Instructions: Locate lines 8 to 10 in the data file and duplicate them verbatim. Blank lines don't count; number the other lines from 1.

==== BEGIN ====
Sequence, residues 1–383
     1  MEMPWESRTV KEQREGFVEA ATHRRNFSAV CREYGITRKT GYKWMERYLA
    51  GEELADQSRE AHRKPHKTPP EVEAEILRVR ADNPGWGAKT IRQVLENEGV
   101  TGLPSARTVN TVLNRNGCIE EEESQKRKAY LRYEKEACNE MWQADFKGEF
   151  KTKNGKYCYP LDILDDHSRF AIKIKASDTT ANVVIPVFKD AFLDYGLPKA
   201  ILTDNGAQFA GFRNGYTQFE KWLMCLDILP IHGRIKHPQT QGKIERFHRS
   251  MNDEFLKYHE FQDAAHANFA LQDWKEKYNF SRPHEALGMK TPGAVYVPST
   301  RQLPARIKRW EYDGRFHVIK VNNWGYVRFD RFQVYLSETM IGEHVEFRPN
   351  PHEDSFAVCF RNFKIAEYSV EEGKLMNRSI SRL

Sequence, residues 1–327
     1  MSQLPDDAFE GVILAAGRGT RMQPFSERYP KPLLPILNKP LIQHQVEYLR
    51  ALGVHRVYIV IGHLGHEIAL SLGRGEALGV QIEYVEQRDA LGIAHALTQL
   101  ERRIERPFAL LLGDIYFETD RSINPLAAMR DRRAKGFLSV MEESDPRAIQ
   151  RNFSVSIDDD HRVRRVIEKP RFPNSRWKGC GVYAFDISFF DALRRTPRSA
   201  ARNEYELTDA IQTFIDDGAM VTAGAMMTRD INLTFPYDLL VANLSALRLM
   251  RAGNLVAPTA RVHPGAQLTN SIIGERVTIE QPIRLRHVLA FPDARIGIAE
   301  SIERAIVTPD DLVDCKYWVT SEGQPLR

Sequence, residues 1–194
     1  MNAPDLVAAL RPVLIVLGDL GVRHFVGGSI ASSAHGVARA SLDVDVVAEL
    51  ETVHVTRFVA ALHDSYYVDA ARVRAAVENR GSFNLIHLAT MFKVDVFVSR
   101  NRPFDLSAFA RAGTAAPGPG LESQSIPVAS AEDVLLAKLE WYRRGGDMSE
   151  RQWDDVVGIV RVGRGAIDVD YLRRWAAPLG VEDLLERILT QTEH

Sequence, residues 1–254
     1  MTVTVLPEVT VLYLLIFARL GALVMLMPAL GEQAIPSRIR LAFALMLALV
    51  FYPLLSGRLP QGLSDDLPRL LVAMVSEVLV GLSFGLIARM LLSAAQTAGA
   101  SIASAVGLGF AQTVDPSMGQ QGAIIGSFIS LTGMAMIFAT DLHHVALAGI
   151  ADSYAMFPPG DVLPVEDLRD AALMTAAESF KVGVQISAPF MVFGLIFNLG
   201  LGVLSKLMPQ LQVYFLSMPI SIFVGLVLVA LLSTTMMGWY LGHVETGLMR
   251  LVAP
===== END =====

   301  RQLPARIKRW EYDGRFHVIK VNNWGYVRFD RFQVYLSETM IGEHVEFRPN
   351  PHEDSFAVCF RNFKIAEYSV EEGKLMNRSI SRL

Sequence, residues 1–327